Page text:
“I will carry you,” Kegan insists.

Alita shakes her head and her words are even more insistent.  “I can walk.  Just help me.”

Kegan turns worried eyes to Tabitha for guidance.  Tabitha nods.  “She is fine to walk.  Help her upstairs and I will be along shortly.”  The older Fairy turns to Kallen.  “Send a message to the midwife while I gather clean linens and the pain potions I made.”

“Can I help?” I ask.

Shaking her head, Tabitha says, “No.  You better stay out here and keep an eye on your parents.  Don’t let them tire themselves out too much.” 

In other words, stay here and out of the way.  I get it.  And since I’ve never had any particular desire to be present for the birth of a baby, I’m secretly relieved.  Dad showed me a video once during an anatomy lesson when I was homeschooled.  So, I know the joy of giving birth is a rather messy, bloody and painful affair.  I’m good staying on the beach.  Especially since I also know that Alita is in excellent hands with Tabitha and the midwife.  “Okay.”  I watch Alita and Kegan disappear through the door excited for them and their future.

Kallen gives my hand a squeeze.  “My cousin is going to be a nervous wreck.  If he survives the birth.”

“Are you afraid Alita will kill him before it’s over?” I ask.

He smirks.  “I am almost certain of it.”

“What’s going on?” Dad asks as he and Mom approach the terrace.  Their excursion on the beach has tired them.  I can see it in Mom’s eyes.

“Alita is in labor,” I tell them.

Looking longingly at the door, Dad asks, “Do you think I could be of help?”  He missed more than food while he was a spirit.  He missed being a doctor, as well. 

Mom pats his arm sympathetically.  “I’m sure the midwife has everything under control.” 
Dad nods, but the doctor in him is feeling useless at the moment.

“How are you two doing?” I ask to change the subject.  “I can’t believe how well you’re getting around now.”

A smile breaks out on Mom’s face.  “The feel of the ocean on my toes is magical.  I tried to convince your father to take a dip with me, but he refused.”

I give her a dubious look.  “The ocean’s a little chilly for swimming right now.”

She shrugs, gazing over her shoulder at the water longingly.  “Soon then.”

Tabitha comes bustling back onto the terrace.  “Just got a message from the midwife.  She’s delivering a Fairy in the village and can’t make it.”  Even without Kallen’s mental ability, Fairies are able to send messages with magic.  They are simply sent to a notepad Fairies keep in various places instead of a person’s mind.  Sort of like calling someone and leaving a message.  Kallen’s method is more efficient as a note can be overlooked for some time.  Not in this case, apparently.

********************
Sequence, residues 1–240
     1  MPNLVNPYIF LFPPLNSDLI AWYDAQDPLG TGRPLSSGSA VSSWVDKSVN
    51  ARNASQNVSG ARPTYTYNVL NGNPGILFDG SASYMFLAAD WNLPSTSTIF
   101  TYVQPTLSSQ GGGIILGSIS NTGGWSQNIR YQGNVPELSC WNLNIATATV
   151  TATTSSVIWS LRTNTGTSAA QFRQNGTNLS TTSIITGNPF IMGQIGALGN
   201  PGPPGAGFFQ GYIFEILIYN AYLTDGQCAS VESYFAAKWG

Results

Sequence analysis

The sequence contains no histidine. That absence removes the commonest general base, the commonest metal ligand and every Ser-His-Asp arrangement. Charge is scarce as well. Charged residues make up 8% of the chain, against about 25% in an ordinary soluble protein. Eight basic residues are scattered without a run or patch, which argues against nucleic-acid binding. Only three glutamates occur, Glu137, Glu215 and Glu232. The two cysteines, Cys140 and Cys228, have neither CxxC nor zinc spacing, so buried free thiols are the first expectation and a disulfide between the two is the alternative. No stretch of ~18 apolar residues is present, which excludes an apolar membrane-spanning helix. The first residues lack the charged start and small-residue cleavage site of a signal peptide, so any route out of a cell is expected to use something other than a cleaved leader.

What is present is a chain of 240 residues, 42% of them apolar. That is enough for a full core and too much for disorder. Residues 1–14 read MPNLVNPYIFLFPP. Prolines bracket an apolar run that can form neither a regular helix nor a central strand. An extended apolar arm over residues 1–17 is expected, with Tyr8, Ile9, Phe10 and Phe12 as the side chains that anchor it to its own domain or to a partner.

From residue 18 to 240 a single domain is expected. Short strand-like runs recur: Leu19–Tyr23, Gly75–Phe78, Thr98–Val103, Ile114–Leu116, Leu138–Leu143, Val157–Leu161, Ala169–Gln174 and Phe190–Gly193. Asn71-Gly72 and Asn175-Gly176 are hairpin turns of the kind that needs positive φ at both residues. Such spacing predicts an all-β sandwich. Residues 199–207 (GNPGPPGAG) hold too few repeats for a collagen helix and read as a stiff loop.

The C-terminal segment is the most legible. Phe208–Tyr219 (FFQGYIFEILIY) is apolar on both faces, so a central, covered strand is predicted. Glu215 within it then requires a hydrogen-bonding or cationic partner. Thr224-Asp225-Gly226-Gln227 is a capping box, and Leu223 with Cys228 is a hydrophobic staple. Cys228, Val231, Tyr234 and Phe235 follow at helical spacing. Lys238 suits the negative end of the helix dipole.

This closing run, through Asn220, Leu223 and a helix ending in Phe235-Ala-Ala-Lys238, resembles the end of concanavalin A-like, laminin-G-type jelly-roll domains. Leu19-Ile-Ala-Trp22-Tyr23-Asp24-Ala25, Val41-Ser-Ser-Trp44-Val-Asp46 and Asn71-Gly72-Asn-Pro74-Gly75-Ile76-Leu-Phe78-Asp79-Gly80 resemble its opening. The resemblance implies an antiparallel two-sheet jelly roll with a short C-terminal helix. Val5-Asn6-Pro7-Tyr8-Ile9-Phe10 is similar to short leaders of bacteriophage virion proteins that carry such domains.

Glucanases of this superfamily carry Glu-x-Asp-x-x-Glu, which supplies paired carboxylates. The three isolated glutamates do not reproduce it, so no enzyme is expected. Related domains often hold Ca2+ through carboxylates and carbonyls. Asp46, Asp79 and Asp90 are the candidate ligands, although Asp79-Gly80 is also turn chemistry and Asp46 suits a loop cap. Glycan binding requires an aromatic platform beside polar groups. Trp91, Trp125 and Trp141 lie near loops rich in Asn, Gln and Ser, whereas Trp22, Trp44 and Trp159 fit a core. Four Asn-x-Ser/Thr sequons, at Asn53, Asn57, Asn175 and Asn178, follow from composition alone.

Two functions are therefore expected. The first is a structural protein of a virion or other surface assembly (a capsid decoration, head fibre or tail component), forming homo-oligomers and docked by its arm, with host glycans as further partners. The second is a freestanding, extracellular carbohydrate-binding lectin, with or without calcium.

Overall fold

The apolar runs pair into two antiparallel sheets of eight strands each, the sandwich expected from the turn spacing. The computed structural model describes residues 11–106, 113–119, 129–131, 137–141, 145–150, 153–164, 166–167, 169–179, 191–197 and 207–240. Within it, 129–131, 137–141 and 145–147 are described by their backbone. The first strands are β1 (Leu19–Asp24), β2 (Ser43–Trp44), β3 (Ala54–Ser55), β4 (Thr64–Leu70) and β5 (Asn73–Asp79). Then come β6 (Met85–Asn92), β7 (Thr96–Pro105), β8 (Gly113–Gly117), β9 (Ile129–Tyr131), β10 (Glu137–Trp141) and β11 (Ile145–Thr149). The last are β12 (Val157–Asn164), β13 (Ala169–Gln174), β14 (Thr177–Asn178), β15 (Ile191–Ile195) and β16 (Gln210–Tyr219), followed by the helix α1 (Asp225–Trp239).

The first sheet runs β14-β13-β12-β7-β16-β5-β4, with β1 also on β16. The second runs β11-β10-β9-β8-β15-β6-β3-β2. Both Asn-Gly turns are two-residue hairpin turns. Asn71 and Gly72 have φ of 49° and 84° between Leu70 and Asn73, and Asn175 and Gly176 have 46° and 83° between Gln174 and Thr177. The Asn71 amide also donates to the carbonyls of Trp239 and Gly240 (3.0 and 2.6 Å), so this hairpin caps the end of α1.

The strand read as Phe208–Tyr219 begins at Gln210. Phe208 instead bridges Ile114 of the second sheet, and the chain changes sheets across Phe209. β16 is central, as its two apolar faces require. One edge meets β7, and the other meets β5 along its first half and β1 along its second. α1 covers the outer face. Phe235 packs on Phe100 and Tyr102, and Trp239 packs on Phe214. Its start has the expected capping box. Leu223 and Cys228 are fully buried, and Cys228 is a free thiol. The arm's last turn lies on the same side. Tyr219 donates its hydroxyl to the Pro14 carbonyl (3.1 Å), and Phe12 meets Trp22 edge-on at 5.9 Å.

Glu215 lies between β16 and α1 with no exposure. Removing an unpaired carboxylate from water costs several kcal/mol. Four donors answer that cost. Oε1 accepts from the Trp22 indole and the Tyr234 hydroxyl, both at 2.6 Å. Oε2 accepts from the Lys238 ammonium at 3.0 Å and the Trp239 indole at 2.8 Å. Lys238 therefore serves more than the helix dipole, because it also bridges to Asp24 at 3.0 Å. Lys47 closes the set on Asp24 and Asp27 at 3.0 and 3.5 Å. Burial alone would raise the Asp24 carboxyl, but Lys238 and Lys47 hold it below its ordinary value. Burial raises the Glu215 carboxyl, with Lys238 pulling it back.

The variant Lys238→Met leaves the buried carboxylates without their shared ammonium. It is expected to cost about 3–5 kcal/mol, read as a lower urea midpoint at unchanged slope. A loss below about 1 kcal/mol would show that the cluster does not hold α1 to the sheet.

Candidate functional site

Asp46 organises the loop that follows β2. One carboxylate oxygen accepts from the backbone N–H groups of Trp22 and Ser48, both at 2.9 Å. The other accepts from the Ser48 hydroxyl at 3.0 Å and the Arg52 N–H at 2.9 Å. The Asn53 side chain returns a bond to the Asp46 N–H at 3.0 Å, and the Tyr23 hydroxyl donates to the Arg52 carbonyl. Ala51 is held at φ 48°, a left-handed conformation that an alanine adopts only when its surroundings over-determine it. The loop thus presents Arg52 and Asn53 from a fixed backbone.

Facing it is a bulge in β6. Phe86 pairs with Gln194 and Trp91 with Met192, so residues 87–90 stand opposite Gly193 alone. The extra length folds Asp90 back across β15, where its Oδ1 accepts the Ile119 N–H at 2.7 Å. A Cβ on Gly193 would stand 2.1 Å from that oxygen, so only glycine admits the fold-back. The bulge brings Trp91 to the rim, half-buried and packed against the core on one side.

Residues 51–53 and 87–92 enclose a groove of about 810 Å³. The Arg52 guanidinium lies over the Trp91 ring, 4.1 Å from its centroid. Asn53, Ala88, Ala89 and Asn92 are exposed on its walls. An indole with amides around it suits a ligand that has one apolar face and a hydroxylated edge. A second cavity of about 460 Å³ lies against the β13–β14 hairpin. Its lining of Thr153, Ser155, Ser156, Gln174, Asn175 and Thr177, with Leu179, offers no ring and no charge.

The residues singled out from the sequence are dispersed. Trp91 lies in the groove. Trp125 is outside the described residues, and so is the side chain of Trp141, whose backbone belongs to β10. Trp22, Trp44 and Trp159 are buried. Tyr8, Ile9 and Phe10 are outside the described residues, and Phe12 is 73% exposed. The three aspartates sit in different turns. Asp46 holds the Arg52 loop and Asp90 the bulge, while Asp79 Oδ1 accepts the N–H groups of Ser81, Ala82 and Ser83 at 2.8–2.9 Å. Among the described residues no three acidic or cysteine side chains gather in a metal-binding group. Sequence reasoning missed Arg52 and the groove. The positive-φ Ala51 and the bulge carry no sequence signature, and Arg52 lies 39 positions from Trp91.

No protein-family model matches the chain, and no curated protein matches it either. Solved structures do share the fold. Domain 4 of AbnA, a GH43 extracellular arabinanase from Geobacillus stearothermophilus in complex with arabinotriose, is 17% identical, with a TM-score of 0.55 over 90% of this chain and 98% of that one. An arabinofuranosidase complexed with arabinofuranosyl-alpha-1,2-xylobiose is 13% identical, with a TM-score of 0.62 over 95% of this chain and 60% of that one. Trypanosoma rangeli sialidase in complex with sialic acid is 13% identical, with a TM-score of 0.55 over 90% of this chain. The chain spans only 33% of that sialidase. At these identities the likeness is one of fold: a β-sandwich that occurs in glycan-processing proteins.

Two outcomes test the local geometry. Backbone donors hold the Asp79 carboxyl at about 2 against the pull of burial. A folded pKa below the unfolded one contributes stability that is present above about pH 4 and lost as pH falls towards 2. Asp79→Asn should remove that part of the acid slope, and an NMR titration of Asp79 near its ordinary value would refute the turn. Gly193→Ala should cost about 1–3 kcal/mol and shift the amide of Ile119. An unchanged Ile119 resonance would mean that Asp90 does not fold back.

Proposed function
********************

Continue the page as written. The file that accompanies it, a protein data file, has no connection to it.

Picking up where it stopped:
Tabitha’s eyes move to me and I pale.  She can’t expect me to deliver a baby.  Fortunately, her eyes slide immediately on to Dad.  “Jim, we could use a hand if you don’t mind.”  I am not going to be completely left out, though.  “Xandra, magical births are a little different than what your father is used to attending.  For his safety, you should come along, too.  The babe’s magic could get out of hand.” 

Now it’s Dad’s turn to pale.  His eagerness to help has dimmed a little.  He recovers quickly, though.  “I’m sure I can manage,” he says, doing his best to exude confidence.

“Probably, but I’ll help anyway.”  Standing up, I give Kallen a quick hug.  “Wish us luck,” I whisper in his ear.  Kegan might not be the only one in trouble now.  The baby has more targets.  Hopefully it doesn’t remember any of the teasing I did toward Alita earlier in the pregnancy.  It was all in good fun.  I was never mean.  Still, do Fairy babies hold grudges?
“Good luck,” Kallen says with a soft chuckle.  He must be reading my mind.  He gives me a light kiss before leaning back in his chair, getting comfortable. 

I eye the chair I just left longingly.  With a sigh, I walk to Dad and hold my hand out to him.  “Let’s teleport upstairs.”  No sense in wearing him out before he even gets to Alita’s room.  He doesn’t look quite as weary as mom, but he’s not as robust as he was this morning, either.  He must be thinking the same thing because he doesn’t argue.  He simply grasps my outstretched hand.

“Good luck, dear,” Mom says before Dad and I disappear from the terrace.

A second later in the hall outside Alita and Kegan’s room, I ask a now slightly dizzy Dad, “Are you sure you’re up for this?  It’s not too late to say no.”

“Are you kidding?” Dad scoffs, straightening his shoulders and reaching for the doorknob.  “This is the first time I’ve felt useful in years.  It’s about time I earned my keep around here.”

I roll my eyes.  “No one is keeping score, Dad.”  He ignores me and opens the door to the bedroom.

We are met by a low and vicious growl.